How are hackers likely to move through your organization’s network—and how can your security team mitigate the risk?
The Cybersecurity and Infrastructure Security Agency (CISA) provides valuable insights in a new report on risk and vulnerability assessments (RVA), which lays out the top tactics, techniques, and procedures (TTP) used in red-team engagements. The study and a related infographic provide detailed findings from 37 RVAs. By showing how detection and response capabilities fell short in these cases, and by describing a sample attack path that hackers could take to exploit these gaps, the agency offers countless other organizations the opportunity to benefit from lessons learned.
The single most successful technique for lateral movement, for example, is “pass the hash,” which accounted for nearly 30% of lateral movement, CISA finds. Conti ransomware attacks on critical infrastructure and advanced persistent threats against think tanks have used this same technique. And so, building on CISA’s insights, let’s take a closer look at what “pass the hash” is, why it’s so dangerous, and how to counter it.
To understand this hacking technique, it helps to know a little IT history: On modern Windows systems, passwords are stored in the NThash (often referred to as NTLM) format. These hashes can be obtained by dumping the Security Account Manager (SAM) database on workstations, or the NTDS file on domain controllers, with tools such as Mimikatz. As security practices have evolved over time, authentication has changed from passing around plaintext credentials, to passing the hashed password, and finally to a challenge-and-response type scheme (Net-NTLMv2) that prevents replaying and “pass the hash” attacks. However, if the NThash can be obtained, it can still often be used to authenticate to a system. And best of all for the attacker, they don’t even need to know the user’s plaintext password!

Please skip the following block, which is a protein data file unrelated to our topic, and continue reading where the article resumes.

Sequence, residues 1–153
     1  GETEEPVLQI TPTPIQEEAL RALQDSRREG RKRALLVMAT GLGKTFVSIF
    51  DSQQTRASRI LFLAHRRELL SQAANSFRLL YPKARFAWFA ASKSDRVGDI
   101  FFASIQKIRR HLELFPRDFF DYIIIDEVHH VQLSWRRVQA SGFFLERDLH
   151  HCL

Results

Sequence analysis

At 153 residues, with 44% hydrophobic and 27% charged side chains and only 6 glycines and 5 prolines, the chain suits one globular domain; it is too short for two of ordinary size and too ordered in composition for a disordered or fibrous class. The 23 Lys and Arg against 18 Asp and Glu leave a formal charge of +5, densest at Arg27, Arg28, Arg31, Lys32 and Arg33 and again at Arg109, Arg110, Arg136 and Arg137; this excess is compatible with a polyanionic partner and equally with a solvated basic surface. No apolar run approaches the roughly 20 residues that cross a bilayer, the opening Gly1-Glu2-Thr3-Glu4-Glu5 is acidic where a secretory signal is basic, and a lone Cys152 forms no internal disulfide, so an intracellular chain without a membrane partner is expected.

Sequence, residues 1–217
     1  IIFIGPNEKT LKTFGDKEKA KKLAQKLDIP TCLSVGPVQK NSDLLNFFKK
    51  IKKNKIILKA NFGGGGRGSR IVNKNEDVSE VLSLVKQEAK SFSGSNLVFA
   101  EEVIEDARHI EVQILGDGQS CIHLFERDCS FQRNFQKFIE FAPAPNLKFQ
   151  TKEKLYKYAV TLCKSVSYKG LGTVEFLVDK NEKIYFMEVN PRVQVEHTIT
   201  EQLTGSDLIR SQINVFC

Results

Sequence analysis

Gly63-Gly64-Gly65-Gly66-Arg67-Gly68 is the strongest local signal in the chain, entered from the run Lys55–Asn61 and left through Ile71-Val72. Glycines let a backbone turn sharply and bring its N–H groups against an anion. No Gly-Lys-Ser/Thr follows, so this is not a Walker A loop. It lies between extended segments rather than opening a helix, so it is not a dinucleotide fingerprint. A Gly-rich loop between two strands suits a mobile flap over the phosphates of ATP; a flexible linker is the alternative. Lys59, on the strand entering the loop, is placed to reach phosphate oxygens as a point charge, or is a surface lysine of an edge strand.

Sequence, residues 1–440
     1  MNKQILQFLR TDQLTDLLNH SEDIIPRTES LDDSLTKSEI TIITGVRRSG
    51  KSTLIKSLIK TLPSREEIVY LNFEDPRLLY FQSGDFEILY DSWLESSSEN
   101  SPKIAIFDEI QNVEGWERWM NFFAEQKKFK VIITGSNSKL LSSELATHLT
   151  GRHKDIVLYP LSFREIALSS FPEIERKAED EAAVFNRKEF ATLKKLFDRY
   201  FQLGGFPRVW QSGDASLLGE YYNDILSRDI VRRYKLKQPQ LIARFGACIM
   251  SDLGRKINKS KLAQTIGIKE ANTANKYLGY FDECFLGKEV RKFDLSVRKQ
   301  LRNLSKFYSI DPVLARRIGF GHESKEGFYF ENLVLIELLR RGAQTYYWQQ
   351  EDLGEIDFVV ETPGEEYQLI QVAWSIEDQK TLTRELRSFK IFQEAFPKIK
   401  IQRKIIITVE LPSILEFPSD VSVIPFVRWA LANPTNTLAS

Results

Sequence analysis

This technique refuses to die. If the more secure challenge-and-response type authentication scheme were used exclusively, attack methods like “pass the hash” would not exist—but that's not the world we live in. Microsoft has been trying to fix pass the hash attacks for years now. “Pass the hash is dead”, red teams claimed back in 2014 when Microsoft released KB2871997 and set the LocalAccountTokenFilterPolicy. And indeed, this did make things more difficult for attackers by limiting success to the built-in administrator (RID 500) account. But “pass the hash” is still highly effective against many networks because the account is not disabled—or worse, has the same shared password across all workstations, making lateral movement very easy.
To counter-attack techniques like “pass the hash,” organizations need to understand how adversaries behave. That’s why Booz Allen has used SnapAttack, to analyze over 1,000 attacker techniques, including “pass the hash.” You can see an example from our threat library in the video below, where we use Metasploit on an attacker machine to dump the SAM database (via the hashdump command) and then use the exploit/windows/smb/psexec module to pivot from one Windows victim machine to another using the hash of the built-in Administrator account, which is the same on both machines.